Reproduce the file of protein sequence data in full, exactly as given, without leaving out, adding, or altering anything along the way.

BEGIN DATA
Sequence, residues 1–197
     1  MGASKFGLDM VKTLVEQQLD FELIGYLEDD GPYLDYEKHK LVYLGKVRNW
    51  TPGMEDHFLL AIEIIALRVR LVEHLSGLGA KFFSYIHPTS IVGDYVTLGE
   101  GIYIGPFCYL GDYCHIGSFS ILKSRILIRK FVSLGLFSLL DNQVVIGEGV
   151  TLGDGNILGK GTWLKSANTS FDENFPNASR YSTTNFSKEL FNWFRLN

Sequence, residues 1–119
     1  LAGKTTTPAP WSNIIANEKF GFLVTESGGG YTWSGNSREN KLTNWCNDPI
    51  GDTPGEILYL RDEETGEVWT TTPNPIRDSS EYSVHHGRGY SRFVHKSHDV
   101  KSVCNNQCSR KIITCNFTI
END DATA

Sequence, residues 1–197
     1  MGASKFGLDM VKTLVEQQLD FELIGYLEDD GPYLDYEKHK LVYLGKVRNW
    51  TPGMEDHFLL AIEIIALRVR LVEHLSGLGA KFFSYIHPTS IVGDYVTLGE
   101  GIYIGPFCYL GDYCHIGSFS ILKSRILIRK FVSLGLFSLL DNQVVIGEGV
   151  TLGDGNILGK GTWLKSANTS FDENFPNASR YSTTNFSKEL FNWFRLN

Sequence, residues 1–119
     1  LAGKTTTPAP WSNIIANEKF GFLVTESGGG YTWSGNSREN KLTNWCNDPI
    51  GDTPGEILYL RDEETGEVWT TTPNPIRDSS EYSVHHGRGY SRFVHKSHDV
   101  KSVCNNQCSR KIITCNFTI